This is something that began surfacing after the initial BCS rankings were released. In the true spirit of stereotype-based, Internet half-truth, the reason why Kansas State and Oregon canceled a planned series for 2011 and ’12 has already been painted as a Bill Snyder masterpiece.
Maybe so, but even the greatest artist can’t create without the tools to do so.
To give Snyder full credit isn’t fair to Oregon, which ducked the contract just as much as K-State did; so much so that the universities walked away from the agreement with no buyout money exchanging hands. With Pac-12 expansion (and its impending scheduling impact) in full-swing, Oregon’s then new athletic director Rob Mullens saw much less of a need for games/series like with K-State, which saw the possibility of nine Big 12 games on its horizon.
Then, less than two months after Oregon mutually agreed to part ways with both K-State and New Mexico, Georgia and the Ducks canceled a series for 2015-16, again with no buyout.
“I texted (Mullens) and asked him if they’d have any interest in canceling,” then-new Georgia AD Greg McGarity said. “And he said absolutely, he was gonna call us.”
In other words, while those games would have been fine in place, Oregon had its own reasons for walking away.
Despite that, Oregon media explained the mutual splits as other teams backing out (which, of course, is becoming today’s sexy conversation hook) and leaving the poor Ducks to scramble for opponents. (That’s a much easier issue to handle if Oregon was willing to ante up, or play neutral-site games. But, who wants to do that?) The lack of buyouts, as the explanation goes, were simply the Ducks trying to keep things “amicable” between the programs. In today’s cash-is-king, everybody-wants-seven-home-dates scheduling landscape, is anything done in the interest of staying amicable?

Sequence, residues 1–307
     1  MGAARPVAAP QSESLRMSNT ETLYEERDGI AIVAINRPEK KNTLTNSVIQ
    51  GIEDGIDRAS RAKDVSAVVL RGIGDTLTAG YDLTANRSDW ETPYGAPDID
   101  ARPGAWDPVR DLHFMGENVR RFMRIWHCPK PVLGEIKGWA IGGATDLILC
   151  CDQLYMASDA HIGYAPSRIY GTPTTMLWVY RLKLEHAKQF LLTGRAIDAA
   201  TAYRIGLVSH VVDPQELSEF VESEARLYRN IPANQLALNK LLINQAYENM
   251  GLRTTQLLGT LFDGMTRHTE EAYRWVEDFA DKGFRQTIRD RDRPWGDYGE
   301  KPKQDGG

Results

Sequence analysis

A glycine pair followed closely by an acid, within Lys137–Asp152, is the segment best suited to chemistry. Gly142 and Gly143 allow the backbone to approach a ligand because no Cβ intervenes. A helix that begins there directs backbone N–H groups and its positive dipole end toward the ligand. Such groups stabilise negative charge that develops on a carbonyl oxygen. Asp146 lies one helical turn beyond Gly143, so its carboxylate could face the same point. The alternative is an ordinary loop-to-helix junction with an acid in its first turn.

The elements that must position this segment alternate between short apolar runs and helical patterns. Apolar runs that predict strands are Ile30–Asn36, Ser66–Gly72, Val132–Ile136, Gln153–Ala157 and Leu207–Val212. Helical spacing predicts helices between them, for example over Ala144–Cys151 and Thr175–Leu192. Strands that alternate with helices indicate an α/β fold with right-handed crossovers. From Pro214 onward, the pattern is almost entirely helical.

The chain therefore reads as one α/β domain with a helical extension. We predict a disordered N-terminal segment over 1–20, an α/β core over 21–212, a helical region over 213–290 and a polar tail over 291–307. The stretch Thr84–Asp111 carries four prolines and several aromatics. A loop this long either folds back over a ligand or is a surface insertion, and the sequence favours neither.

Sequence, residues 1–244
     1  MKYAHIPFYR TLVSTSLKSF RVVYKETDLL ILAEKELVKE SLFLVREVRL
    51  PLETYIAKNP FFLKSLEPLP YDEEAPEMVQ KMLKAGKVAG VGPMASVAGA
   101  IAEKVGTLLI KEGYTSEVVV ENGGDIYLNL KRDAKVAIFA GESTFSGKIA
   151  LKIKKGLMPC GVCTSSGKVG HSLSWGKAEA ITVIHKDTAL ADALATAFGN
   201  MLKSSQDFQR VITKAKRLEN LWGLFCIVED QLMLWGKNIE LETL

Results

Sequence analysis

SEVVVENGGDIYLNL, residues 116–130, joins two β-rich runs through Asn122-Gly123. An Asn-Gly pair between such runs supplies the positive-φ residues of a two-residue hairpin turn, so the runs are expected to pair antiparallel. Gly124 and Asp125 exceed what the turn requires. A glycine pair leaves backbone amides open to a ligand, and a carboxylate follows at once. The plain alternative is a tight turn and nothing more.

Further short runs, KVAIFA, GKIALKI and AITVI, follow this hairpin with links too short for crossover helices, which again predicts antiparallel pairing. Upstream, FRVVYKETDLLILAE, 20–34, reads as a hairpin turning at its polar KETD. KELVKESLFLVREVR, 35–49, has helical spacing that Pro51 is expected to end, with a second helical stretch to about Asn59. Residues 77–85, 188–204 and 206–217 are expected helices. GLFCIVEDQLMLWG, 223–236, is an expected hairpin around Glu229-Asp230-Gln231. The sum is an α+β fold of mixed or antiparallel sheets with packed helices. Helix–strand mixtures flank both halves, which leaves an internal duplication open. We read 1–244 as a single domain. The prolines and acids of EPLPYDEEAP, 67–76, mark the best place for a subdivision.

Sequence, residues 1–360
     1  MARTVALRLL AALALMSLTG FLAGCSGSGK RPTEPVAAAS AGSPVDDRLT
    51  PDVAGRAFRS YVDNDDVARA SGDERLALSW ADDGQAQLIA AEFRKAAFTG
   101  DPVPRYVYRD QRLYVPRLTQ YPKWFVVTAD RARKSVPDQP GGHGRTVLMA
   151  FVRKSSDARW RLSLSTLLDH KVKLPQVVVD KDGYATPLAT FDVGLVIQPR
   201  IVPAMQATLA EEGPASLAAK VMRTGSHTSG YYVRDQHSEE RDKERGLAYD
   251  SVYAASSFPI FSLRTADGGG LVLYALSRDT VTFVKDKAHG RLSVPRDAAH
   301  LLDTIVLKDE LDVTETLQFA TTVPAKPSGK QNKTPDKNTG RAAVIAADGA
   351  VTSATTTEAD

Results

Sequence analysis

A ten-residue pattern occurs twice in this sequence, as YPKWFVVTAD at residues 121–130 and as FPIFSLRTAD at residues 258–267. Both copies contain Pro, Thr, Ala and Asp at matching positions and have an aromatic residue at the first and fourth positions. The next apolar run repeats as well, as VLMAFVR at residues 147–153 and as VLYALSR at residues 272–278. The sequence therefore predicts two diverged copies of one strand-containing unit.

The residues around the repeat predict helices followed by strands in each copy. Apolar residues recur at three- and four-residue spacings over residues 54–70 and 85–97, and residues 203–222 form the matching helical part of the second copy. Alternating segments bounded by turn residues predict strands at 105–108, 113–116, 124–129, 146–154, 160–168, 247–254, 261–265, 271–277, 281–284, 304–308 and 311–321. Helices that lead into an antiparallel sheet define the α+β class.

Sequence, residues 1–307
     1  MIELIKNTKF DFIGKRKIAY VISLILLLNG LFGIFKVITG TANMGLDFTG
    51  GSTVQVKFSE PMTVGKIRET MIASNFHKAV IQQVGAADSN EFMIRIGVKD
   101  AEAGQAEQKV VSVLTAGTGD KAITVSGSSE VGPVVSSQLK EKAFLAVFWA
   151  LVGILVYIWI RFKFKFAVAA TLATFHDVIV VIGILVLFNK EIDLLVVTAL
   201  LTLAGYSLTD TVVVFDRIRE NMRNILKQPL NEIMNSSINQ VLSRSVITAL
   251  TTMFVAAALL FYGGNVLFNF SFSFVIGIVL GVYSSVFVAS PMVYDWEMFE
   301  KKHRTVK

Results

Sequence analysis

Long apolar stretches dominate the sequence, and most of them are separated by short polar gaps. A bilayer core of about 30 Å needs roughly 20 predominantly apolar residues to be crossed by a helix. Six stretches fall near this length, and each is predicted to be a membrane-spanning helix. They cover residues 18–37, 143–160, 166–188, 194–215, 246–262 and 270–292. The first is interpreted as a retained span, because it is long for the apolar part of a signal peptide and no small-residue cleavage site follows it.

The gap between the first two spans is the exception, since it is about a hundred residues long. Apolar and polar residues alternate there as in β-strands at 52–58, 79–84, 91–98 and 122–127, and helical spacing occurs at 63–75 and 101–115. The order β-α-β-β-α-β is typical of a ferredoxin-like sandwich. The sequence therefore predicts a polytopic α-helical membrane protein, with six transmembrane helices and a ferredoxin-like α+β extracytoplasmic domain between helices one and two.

Of course not.
Regardless, for some to paint the cancellation as a fully purple one-off isn’t right. Snyder made the call, sure, but Oregon obviously was fine with letting all three 2012 non-conference opponents go (Montana State was granted an out, but it had to find a replacement) plus Georgia.
Perhaps Chip Kelly aside, all of those decisions were M-U-T-U-A-L.
On an off-chute…
If someone wants to use the Oregon cancellation as some misguided point toward K-State having a weaker schedule, technically it would be true. But, have them check Phil Steele, who pegged K-State’s slate, sans Oregon, in June as the 34th-toughest , while leaving the Ducks somewhere outside his Top 50. And, there are other charts out there, like this one, that say K-State’s scheduling artwork is much better than myth or Internet or both may suggest.
In the end, all of this makes for great fodder, but at least pretend to keep it in some context.